[Review] Davenport’s Dream

January 16, 2009

It is always cute when the anti-evolutionists (in all their guises) try to do history; witness here, for example. Veteran observers are not surprised to find them trying to warp history (see here, here, here & here for that). Nowhere is this warping more evident than in how DI-hacks such as John West & Richard Weikart have promulgated a meme linking Darwin to Haeckel to Nazism. This has been clearly dealt with by a number of historians (see references herein and read Robert Richards’ latest book on Haeckel). Equally as resilient is the idea (also held by West & Weikart) that American eugenicists at the start of the 20th century were inspired by Darwin (who was himself, they claim, sympathetic to eugenics) and, thus, Darwin was culpable for American eugenic policies. Historian Mark Borrello dealt with this when debating West back in 2007 and, of course, someone with even the most facile knowledge of history knows that eugenics pre-dated Darwin by quite some time. But let’s look at one American eugenicist, Charles Davenport, and his book Heredity in Relation to Eugenics.

Davenport has been described as “the most notable American eugenicist” by James Watson, and a 1907 World Magazine article pitched him as “the man of mystery who is searching for the secret of life.” Trained as a biologist, Davenport was initially a biometrician but eventually became a Mendelian, i.e. held ideas that were in distinct tension with the utility of Darwinian selection. In 1910, he became the director of the Cold Spring Harbor Laboratory where he founded the Eugenics Record Office, an organization which examined the application of Mendelian genetics to human affairs. Throughout his tenure at the ERO, which closed in 1935, Davenport’s ideas received significant criticism – which he ignored – from British eugenicists. In later years, he maintained connections with eugenic organizations in Germany.

Davenport’s central place within the American eugenic movement is undeniable and Jan A. Witkowski & John R. Inglis have recently issued a facsimile of Davenport’s Heredity in Relation to Eugenics (1911), bundling it with ten essays by historians, scientists and legal scholars, under the title Davenport’s Dream: 21st Century Reflections on Heredity and Eugenics (CSHLP, 2008). Davenport’s life gets briefly examined in an essay by Witkowski, Elof Carlson puts his work into a wider context, and Maynard Olson analyzes the logic of the reissued work. For me – as an historian – these were the most useful contributed essays, but I’m sure that folks more interested in bioethical issues would find much in the other contributions.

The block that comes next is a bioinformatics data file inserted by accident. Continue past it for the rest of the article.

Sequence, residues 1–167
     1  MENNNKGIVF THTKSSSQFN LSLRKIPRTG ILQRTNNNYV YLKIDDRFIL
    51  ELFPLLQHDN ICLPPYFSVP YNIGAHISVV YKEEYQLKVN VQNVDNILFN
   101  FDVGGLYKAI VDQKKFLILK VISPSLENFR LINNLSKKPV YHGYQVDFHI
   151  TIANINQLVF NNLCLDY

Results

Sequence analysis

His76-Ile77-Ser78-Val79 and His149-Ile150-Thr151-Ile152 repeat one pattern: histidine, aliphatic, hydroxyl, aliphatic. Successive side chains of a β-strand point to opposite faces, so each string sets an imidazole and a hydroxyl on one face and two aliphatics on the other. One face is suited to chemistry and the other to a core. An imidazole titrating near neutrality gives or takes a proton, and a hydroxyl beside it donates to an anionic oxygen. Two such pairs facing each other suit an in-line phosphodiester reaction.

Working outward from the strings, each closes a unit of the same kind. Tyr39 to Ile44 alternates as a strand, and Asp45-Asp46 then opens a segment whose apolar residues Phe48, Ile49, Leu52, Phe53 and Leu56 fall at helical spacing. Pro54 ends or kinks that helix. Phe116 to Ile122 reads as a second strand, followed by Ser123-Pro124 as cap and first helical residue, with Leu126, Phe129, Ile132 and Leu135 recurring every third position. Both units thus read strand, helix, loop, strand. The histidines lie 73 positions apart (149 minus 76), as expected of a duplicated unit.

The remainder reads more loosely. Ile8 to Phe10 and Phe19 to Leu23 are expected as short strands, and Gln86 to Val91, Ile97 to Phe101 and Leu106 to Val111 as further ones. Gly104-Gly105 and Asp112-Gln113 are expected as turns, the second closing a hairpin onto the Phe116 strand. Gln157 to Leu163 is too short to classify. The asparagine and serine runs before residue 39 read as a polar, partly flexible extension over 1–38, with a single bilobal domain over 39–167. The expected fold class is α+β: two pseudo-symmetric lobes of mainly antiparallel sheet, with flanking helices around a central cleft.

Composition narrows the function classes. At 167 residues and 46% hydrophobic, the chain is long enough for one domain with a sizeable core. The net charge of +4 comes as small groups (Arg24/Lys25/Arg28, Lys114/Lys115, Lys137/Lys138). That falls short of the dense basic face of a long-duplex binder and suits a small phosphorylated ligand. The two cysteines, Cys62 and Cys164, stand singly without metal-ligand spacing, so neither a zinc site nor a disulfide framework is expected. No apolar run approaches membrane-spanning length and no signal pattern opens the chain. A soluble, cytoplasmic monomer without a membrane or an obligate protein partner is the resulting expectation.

Historically, what is truly valuable here is the facsimile reissue of Heredity in Relation to Eugenics. Even the briefest perusal reveals how Mendelian the work is. There is page after page of genealogies for traits such as “corpulency,” singing ability, artistic ability, mechanical skill, “feeble-mindedness,” nervousness, nosebleeds, and “brilliancy.” Except for the traits being examined, this is standard genetic fare and it is only in the latter third of the work that Davenport begins to clearly advocate eugenic procedures (either by “elimination of undesirable traits” or by “the control of immigration”*).

One has to wonder what Darwin has to do with all of this. The short answer is very little apparently. Davenport only cites Darwin once in the whole 300 page book, and here is the quote:

Inheritance of peculiarities of handwriting is often alleged (Darwin, 1894, p. 449), but it is difficult to get satisfactory evidence about it. [p. 63]

That’s it. And the reference is to Domestication of Plants and Animals, not even to the works that discuss natural selection, the central core of Darwin’s theory. Speaking of which, the index has no entries for selection or natural selection (or for that matter, survival or fit(ness)). My point here – such as it is – is that if you are going to put a tag on Davenport’s work, it should be “Mendelian”. Would we thus hear the Discovery Institute wage war against the Austrian monk? Of course not. Davenport’s book is muddled in its application of Mendelian ideas to social issues. This misapplication does not in any way invalidate the ideas themselves. But of course, that’s what the creationists want you to believe – that the effects of a misapplication of a scientific theory somehow undermine the scientific ideas themselves. (On that, see the link between Newton & Hitler).

My advice is to read Davenport and the writings of the other eugenicists. Read them in conjunction with works by historians such as Dan Kevles, Elof Carlson and Mark Largent (to name but a few). You will discover that the history of eugenics in this country is a lot more complicated (and interesting!) that the simplistic ideas being promulgated by the Discovery Institute.